Health Buzz: Giuliana Rancic Has Breast Cancer

Diet changes that might cut breast cancer risk; free services for women with breast cancer.

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Giuliana Rancic Reveals She Has Breast Cancer

E! News host Giuliana Rancic has breast cancer, she revealed Monday on NBC's Today show. Rancic, 37, is in the early stages of the disease, which was picked up by a mammogram while she was undergoing in-vitro fertilization in an effort to get pregnant. She says she will have surgery this week, followed by six weeks of radiation therapy. "It was like the world just crashed around me. And I just couldn't believe it," Rancic told Ann Curry of her diagnosis, The Washington Post reports. "Had I gotten pregnant a few years down the line I could have gotten sicker. So right now I'm okay. The baby saved my life." Though Rancic initially resisted a mammogram—she hadn't planned on having one until the recommended age, 40—she says one doctor insisted on ruling out any small risk of cancer, since pregnancy would accelerate the disease. Despite the diagnosis, Rancic still believes motherhood is in her future.

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  • Diet Changes That Might Cut Breast Cancer Risk 

    You can't do anything about the genes you were born with, but committing to a sound diet can help protect against breast cancer. "Researchers estimate that in the U.S., we can prevent about 38 percent of breast cancers with some basic healthy steps," says registered dietitian Karen Collins, a nutrition advisor for the American Institute for Cancer Research. "We can make a difference without doing anything extreme."

    While no food or dietary approach can flat-out prevent breast cancer, the risk of developing the disease could be reduced. Here's a roundup of findings.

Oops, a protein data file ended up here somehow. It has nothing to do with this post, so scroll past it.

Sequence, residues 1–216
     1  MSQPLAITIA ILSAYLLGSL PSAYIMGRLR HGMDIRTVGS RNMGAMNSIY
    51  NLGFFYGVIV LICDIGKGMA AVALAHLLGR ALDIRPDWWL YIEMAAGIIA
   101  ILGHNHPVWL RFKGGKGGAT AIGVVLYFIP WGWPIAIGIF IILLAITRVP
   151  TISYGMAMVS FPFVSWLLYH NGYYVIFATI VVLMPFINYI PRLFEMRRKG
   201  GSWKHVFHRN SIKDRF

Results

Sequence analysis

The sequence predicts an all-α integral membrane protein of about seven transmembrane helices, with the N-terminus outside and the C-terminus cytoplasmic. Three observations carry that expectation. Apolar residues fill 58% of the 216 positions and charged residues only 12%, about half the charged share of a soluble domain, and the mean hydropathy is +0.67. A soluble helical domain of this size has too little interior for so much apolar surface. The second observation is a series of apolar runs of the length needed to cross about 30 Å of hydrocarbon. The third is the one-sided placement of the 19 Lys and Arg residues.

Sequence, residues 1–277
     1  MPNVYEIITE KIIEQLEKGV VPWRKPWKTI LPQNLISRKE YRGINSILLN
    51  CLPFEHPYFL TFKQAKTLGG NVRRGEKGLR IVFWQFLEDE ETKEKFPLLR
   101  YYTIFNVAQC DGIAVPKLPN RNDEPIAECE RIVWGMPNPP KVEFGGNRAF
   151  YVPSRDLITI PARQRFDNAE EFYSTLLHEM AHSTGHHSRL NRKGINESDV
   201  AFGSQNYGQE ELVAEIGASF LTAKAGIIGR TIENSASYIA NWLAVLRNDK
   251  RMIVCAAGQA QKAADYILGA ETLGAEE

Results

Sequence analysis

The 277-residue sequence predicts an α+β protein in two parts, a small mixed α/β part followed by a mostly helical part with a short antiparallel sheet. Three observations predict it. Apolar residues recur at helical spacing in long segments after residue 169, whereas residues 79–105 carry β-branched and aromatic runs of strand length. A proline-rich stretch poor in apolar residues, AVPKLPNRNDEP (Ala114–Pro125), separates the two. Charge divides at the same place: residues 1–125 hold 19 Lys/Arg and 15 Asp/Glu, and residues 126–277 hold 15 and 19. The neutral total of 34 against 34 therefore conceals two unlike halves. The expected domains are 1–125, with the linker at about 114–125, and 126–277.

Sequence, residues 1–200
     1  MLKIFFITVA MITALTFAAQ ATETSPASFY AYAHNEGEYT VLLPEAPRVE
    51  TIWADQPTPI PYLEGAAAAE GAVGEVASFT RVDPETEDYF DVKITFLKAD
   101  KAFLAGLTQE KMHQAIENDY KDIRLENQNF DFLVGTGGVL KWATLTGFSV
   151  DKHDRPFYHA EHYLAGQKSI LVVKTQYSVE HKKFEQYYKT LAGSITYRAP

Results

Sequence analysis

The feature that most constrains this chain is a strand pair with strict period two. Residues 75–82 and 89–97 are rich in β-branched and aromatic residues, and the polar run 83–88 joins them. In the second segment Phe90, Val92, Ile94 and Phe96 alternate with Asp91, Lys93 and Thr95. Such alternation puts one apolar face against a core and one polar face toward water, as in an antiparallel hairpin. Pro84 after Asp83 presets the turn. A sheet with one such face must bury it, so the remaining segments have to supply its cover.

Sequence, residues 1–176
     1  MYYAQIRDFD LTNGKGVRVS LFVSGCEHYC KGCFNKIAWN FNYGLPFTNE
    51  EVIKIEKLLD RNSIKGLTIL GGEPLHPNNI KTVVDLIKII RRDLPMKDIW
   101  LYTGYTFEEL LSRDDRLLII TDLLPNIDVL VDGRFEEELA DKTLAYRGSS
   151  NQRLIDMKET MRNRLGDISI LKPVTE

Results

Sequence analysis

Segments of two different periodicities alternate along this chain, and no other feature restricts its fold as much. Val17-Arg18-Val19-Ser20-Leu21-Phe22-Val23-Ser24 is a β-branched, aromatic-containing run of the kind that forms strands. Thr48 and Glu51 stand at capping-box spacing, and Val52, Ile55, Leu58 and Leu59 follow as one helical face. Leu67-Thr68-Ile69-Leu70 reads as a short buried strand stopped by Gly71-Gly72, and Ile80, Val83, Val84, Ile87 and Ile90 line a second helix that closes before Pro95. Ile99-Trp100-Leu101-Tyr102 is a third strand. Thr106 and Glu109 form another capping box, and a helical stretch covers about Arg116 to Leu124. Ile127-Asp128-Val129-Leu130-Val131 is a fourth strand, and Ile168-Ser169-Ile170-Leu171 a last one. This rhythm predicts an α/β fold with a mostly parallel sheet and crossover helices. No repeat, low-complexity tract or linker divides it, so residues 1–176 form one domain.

1. A plant-based diet. A recent study suggests that women who eat lots of fruit, veggies, and legumes and little red meat, salt, and processed carbohydrates may lower their odds of developing estrogen-receptor negative breast cancer, which accounts for about a quarter of all breast cancers. A study published in September in the American Journal of Epidemiology found that the likelihood of the cancer was 20 percent less when women followed such a diet.

    2. Walnuts. Consuming walnuts slowed the development and growth of breast cancer tumors in mice, according to a study published in September in Nutrition and Cancer. Study author Elaine Hardman, a professor at Marshall University's Joan C. Edwards School of Medicine, looked at the effect of a diet containing the human equivalent of 2 ounces of walnuts a day (25 to 30 walnut halves). After 34 days, mice that ate walnuts had less than half the rate of breast cancer as a control group on the same diet minus the walnuts. The number and size of tumors also were significantly smaller for the walnut group. The study authors speculate that walnuts' anti-inflammatory properties are the reason. [Read more: Diet Changes That Might Cut Breast Cancer Risk.]

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    • Free Services for Women With Breast Cancer

      When battling breast cancer, it helps to have an army of well-wishers on your side. And there are plenty, including dozens of groups designed to make the journey smoother, if not a bit brighter. Some clean patients' homes; others send customized scarves, or hats, or pillows, U.S. News reported in 2010. Often, these services are free.

      "Cancer is a shocking experience. You don't expect to get it, and you don't know what's going to happen to you," says Ann Silberman, 52, of Sacramento, Calif., who was diagnosed with breast cancer in 2009. "Knowing different groups are there for you in a real, personal way has been one of the more meaningful parts of my whole cancer experience."

      Here's a sampling of free available services that cater to cancer patients nationwide:

      1. Breast Cancer Diagnosis Guide iPhone application. Breastcancer.org, a nonprofit that promotes disease awareness, released its mobile app last year. Patients plug in details about their condition—cancer type, tumor size, and grade, for instance—and they'll receive an extensive lesson, including illustrations and definitions. The app also features a glossary of terms commonly spouted by oncologists and surgeons. "Getting results back from the doctor is very overwhelming," says Jamie DePolo, a breastcancer.org senior writer who spearheaded the app's development. "If you're unfamiliar with some of the medical terms, you can look them up right away with just a click." Women also receive personalized breast cancer news, including the latest studies on treatment options. "The research is relevant for each individual, so you don't have to wonder whether the information should matter to you," DePolo says. [Read more: Free Services for Women With Breast Cancer.]